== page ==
Volumes 1 and 2 now available

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or as an e-book

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Volume 2 - Summer 1968 - The Big Trip South

After a year teaching English and French at the University of Sagar - remote city in Central India - the 22-year-old author set out for the South to visit his students in their homes, to see something of Dravidian culture and to visit other volunteers working on more practical development programs than his own.

His travels took him by bus, train, coastal steamer and motorbike through Bombay, Goa, Mysore, Kerala, Andhra Pradesh and Madras State down to the very tip of the sub-continent and back. 

This volume is also illustrated with original photographs.

Volume 1 - A Volunteer in 1960's India

A Personal memoir illustrated with 60 original photographs

Fresh from University, the author was sent in 1967 with the British Volunteer Programme to teach at a remote University in Central India. Based on his letters and diaries of the time, and illustrated with 60 original photographs, he recounts his discovery of that recently independent nation, his integration into a society very different from his own and the pleasures and frustrations of working in a new university.

Personal anecdotes are interspersed with reflections on decolonisation and the place of foreign volunteers. Initially stereotyped as a white "sahib", he found this a role which did not correspond to his North of England working class background.
This first volume recounts his first year at Sagar. Later ones will describe his second year and his wider travels in India.


I went out to India in 1967.

At 21, I was six months older than the independent country itself and the same age as the remote University in which I had been sent to teach.

The world was in a ferment of decolonization. The decade had already been swept by MacMillan's "wind of change" with over 20 British colonies negotiating their independence and new democratic constitutions. Apartheid South Africa was excluded from the British Commonwealth and subject to international sanctions. America's neo-colonial war continued to escalate in Vietnam.

The Third World was a new concept and we in the West tended to speak - depending on our degree of optimism - of Developing, Underdeveloped or even Backward Countries.

Despite the initial stereotyping I faced as a fresh-faced European in post-colonial India, I was not a natural sahib.


"We have arranged a room for you in the University Guest House. Please come in," said the Professor.

Two or three khaki-clad male servants were hovering around. One of them unlocked the padlock on a door and we were shown into the suite in which I would live for over a year.

... We finished our tour with the bathroom.

"The toilet is behind the partition," said the professor, putting his head round. "Oh no!" he exclaimed, horror-struck. "It's Indian style! I hadn't realised."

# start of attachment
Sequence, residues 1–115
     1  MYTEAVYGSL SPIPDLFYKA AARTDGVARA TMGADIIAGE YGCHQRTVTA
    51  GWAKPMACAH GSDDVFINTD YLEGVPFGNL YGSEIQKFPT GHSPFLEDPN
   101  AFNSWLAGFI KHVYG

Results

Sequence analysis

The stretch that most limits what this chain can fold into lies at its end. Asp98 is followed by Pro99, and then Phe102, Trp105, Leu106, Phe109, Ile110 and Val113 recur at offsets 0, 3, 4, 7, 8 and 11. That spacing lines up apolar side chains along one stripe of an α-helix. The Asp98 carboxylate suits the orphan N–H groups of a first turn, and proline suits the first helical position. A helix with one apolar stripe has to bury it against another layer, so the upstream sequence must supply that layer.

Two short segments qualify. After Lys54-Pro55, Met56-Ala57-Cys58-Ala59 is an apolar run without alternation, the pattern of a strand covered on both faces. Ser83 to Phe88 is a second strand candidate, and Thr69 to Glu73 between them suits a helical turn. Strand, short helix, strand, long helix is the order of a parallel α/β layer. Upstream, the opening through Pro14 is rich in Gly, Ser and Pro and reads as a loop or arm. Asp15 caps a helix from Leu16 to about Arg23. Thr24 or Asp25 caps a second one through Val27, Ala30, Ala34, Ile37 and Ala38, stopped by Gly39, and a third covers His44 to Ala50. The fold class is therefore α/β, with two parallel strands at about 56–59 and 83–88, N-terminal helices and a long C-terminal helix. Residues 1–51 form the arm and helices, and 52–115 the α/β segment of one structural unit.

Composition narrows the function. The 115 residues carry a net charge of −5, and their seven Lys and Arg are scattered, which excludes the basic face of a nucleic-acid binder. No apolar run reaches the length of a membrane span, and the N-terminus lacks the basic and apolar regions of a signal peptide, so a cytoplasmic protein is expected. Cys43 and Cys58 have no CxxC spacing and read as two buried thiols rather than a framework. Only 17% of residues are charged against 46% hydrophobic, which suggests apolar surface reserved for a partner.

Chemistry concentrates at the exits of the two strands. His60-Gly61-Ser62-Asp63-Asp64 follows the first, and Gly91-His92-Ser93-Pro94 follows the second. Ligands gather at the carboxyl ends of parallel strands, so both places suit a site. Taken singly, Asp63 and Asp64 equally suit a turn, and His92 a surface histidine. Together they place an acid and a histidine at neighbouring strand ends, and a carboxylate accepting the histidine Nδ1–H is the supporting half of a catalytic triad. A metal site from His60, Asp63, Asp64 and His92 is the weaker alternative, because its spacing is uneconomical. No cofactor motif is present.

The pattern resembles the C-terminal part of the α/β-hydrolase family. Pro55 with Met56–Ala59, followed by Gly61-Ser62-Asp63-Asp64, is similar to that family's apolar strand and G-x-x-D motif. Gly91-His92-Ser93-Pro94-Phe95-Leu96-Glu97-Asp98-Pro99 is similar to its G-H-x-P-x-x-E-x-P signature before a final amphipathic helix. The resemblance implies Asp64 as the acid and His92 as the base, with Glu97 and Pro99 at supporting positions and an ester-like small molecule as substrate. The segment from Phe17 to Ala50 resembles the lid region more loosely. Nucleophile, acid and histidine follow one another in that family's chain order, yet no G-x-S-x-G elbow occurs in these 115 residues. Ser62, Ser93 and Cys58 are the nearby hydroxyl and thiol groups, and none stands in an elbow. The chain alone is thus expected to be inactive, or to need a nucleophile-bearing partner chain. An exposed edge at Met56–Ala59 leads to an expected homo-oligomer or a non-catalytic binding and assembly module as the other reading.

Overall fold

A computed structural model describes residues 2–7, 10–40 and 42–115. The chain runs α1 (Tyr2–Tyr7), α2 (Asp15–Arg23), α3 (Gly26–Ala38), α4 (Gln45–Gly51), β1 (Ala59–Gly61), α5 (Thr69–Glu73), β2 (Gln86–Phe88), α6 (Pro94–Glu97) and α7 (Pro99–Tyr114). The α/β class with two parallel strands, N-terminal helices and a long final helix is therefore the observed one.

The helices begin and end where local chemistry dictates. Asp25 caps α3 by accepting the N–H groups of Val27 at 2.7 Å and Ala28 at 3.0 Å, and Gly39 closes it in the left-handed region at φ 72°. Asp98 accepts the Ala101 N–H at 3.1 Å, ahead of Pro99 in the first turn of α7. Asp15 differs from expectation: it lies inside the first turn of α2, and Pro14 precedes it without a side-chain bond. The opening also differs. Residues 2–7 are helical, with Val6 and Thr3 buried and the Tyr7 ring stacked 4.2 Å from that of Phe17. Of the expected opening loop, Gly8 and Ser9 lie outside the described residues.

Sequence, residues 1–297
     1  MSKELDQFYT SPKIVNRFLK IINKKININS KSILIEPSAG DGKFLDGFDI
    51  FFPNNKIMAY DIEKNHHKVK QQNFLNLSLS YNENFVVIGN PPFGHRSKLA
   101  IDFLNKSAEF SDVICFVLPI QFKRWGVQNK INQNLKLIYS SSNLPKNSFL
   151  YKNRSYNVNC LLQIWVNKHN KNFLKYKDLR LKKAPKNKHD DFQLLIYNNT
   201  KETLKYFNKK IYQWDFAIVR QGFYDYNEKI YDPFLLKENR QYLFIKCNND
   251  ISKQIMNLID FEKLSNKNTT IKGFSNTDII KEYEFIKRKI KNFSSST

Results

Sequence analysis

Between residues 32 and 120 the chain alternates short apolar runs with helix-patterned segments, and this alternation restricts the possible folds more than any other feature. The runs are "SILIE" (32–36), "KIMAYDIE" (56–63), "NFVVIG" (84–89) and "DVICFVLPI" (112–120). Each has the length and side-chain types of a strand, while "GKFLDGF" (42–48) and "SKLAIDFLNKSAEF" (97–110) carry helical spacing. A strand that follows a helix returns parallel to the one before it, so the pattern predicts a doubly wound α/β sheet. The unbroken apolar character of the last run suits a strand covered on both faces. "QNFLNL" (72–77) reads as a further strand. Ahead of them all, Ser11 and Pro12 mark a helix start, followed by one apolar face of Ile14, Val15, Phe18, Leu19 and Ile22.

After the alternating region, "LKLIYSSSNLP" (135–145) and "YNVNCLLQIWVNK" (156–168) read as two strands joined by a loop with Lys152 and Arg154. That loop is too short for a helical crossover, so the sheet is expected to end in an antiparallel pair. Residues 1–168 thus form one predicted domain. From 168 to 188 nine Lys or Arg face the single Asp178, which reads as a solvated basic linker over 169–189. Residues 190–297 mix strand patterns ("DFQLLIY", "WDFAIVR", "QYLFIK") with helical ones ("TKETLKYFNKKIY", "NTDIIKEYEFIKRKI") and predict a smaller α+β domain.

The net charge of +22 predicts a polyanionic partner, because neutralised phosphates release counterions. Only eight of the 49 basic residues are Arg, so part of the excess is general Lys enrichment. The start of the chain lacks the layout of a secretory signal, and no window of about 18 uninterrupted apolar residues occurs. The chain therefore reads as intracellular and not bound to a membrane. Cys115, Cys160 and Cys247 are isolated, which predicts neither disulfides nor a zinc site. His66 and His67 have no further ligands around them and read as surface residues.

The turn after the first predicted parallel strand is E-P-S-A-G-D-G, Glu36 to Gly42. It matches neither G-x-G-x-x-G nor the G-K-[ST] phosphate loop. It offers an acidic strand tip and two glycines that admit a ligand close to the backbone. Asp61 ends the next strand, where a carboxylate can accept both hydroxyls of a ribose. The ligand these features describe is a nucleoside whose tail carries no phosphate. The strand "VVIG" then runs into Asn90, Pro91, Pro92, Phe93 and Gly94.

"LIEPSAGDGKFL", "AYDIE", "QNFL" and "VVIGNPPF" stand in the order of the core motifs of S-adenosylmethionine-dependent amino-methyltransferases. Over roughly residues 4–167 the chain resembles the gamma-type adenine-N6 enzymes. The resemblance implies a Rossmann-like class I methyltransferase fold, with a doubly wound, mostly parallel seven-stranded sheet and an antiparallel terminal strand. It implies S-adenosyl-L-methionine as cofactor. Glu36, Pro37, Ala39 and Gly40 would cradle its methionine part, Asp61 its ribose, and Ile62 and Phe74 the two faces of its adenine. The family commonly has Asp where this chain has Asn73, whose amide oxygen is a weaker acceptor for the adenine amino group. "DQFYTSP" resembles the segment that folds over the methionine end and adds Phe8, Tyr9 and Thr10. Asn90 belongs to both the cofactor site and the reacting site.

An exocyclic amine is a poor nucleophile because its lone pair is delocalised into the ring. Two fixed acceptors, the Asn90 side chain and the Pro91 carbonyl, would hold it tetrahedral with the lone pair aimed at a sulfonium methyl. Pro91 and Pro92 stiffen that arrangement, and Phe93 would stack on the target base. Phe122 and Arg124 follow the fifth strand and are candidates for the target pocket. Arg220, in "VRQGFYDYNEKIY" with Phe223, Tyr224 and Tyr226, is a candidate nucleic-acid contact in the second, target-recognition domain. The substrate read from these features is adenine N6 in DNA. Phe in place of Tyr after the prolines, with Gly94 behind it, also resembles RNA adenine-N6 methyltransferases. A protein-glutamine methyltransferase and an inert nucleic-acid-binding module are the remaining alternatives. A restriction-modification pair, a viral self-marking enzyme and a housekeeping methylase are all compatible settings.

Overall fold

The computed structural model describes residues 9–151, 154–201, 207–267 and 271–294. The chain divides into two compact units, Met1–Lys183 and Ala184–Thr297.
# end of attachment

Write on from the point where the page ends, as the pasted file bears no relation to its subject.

"It doesn't matter," I mumbled.

I had already used a squat toilet in Bombay without doing myself any damage.

"No, no. It's out of the question. You won't be able to use it."


"I know! Professor Mishra has a Western style toilet and his house is only 500 yards away. I will arrange for you to use his toilet."

"No, no, really. There's no need. I know how to use this. I've done it before."

The idea of trekking over to a stranger's house whenever I needed a crap appalled me.


I asked for a ticket to Kishangarh but the conductor didn't realise I was with Khare and didn't believe me - so he gave me a ticket to Bijawar instead. This was the last town on the route, small, but not too small to be the capital of a former Princely State of the same name. At Bijawar we stopped in the shelter of the Maharaja's rather dilapidated palace for tea, meeting friends of Khare's & cursing the driver for his crazy driving.

At the edge of town, where the pukka tarmacked road gave way to a dirt track through the jungle, we stopped and underwent a transformation from village bus to shikar bus. In other words, the bus was adapted for a big game hunt.

A makeshift spotlight was set up on the roof, where the hunters lay on the luggage platform with their guns and we drove on through the forest, shining our light from side to side and stopping whenever one of the shikaris banged on the roof over our heads. Once we saw a tiger - it was so big I thought it was a cow. Despite much manoeuvring, the driver couldn't get his bus into a good position for a shot, so we moved on. 

Readers' comments:

Those who care to see India from an honest European seeker's eye must read it. I can vouch for its accuracy as the author has accurately placed creative details laboriously protecting them for past fifty years. The book bears the testimony of an expanding India to its present splendour! I congratulate Mick Howarth for his sincerity of approach and appreciation of right values.

Prabhu Dayal Mishra

(retired Member Judge, MP, State Cooperative Tribunal Bhopal,

President of Maharshi Agastya Vedic Sansthanam)

It's a fascinating read, evocative and fresh, full of life."

Allan Hugh Ronald (Retired teacher of English Literature)